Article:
Paul Di Filippo Reviews Cold Water by Dave Hutchinson

Cold Water, Dave Hutchinson (Solaris 978-1786187222, trade paperback, 464pp, $16.99) November 2022.

Having completed his marvelous main sequence of Fractured Europe books with a fourth installment, Europe at Dawn, in 2018 (you can read my review of three-quarters of the series here), Hutchinson now offers a pendant volume, starring a new lead. But the tale is in no way overly reliant upon, inferior to, or less fully developed and satisfying than the quartet. Veteran readers and newbies alike will be able equally to savor this wild, always surprising caper-cum-spy novel, a blend of Donald Westlake and John Le Carré.

A lot of the charm and plot engine of this book derives from our heroine, one Carey Tews. (I should mention here that a subsidiary plot involves a second protagonist, an Estonian cop named Krista. While Krista is neatly conceived and embodied, her saga, eventually intersecting with Carey’s, is less dominant, and Krista herself receives less backstory shading that might have made her account and nature a full rival to Carey. So I’ll focus on Carey’s through line.)

The world has, within the past decade or so, emerged from a massive pandemic much worse than Covid, for in Europe alone over fifty million people have died. This fact only contributes to the deracination of the region, which has splintered into “an everchanging patchwork of nations and states and republics and margravates and sanjaks and polities and anarchies… Through it all passed Les Coureurs, delivering mail and more valuable items across Europe’s bewildering jigsaw of borders… [They] were everywhere, the most non-state of non-state actors.”

Carey was an expert, highly regarded coureur, until she retired. But now she has been summoned into action once more by Coureur Central, who hail her to Gliwice, Poland. It appears that her ex-boyfriend, Maksim, also in the biz, has been running an enigmatic off-the-books racket which culminated in his death by car accident. The half-understood scam has already destabilized and alarmed several factions in Europe, including the highly brutal and suspicious Russians, and Carey is tasked with learning everything she can about Maksim’s doings and reporting back. She reluctantly takes the job, and from here, things start to get really weird.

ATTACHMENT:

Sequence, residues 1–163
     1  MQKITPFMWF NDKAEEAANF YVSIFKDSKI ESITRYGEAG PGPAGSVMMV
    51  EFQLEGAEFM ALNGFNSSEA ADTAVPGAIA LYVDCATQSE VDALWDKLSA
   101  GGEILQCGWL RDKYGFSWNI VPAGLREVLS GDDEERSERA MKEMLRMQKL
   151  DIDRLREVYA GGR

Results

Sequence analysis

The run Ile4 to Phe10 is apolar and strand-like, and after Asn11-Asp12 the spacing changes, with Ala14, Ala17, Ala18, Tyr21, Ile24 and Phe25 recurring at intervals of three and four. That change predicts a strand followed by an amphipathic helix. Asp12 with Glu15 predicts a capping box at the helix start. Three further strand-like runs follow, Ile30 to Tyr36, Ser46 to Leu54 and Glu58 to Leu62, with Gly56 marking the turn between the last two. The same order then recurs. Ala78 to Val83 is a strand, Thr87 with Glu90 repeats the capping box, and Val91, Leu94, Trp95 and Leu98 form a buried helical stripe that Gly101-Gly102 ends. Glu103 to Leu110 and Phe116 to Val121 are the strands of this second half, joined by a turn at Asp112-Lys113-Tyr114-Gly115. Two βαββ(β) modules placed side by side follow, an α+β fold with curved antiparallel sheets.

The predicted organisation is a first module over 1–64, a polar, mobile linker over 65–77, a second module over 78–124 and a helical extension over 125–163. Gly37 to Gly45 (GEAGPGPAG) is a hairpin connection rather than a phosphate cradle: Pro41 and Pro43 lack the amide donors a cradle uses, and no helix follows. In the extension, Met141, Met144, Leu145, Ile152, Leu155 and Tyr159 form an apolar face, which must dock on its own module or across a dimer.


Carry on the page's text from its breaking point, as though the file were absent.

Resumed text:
Is Maksim dead or not? Did he have anything to do with Tallinn, Estonia, suffering a major electrical blackout, and with Krista’s dead father undergoing a posthumous scandal? How does Maksim’s path intersect with the Community, a literal pocket universe congruent with Europe? (You have to love that the Community was the Borgesian creation of cartographers.) And is it possible that the Community is not the only pocket universe around?

Carey eventually has to have help, so she assembles a team of experts to handle all the details, and it’s here that Hutchinson has a blast with the typical caper tropes. First onboard is Anatoly, an old acquaintance, a dour Russian jack-of-all-spycraft trades. Then arrives a trio of teenage Polish freelancers: computer whiz Magda; expert counterfeiter of documents Boksi; and a procurer of gadgets and other goods named Romek.

Soon Carey and crew are following leads all across Europe, while also being surveilled in turn by any number of interested parties. There is a refreshing lack of gunplay and violence in the book, where, instead, all the moves and countermoves more resemble a cerebral chess match. The sardonic dialogue crackles, and we inhabit Carey’s wry and cynical take on developments.

Finally the mystery of Maksim and his schemes reaches an unpredictable but totally resonant ending, and we applaud as Carey exits, stage-left, “a tall Texan women of a certain age with a temper” and with some spoils of the hunt firmly and illicitly in her pocket.

Besides weaving adroitly a dozen plot threads, Hutchinson makes his world very tangible and vivid, both on the microcosmic and macrocosmic levels.

In Amsterdam, tourism was slowly recovering, but out in the countryside everything seemed to be sleeping under a magic spell, flat fields and lowering skies and hardly any people to be seen. As the train rolled north, she saw buildings in the distance which seemed to reflect the light with a flat grey sheen, entire villages mothballed under layers of spray-on plastic, waiting for the people to return. Some of the fields were neatly cultivated, but many of them were growing wild, and a lot of the canals and drains that divided the landscape looked dangerously close to overflowing their banks. Looking at that, you could see just how much institutional knowledge the country had lost, how close the infrastructure still was to collapse.

Hutchinson is one of those SF writers not currently dabbling in trendy themes and styles, flavor-of-the-month causes or preachy messages. His work is solidly constructed, slightly subversive and supremely speculative—in other words, possessed of most of the hallmarks of great SF. Although he should be on all the award ballots, but is not, we cannot lament, but just bask instead in our Secret Knowledge.

Paul Di Filippo has been writing professionally for over 30 years, and has published almost that number of books. He lives in Providence RI, with his mate of an even greater number of years, Deborah Newton.

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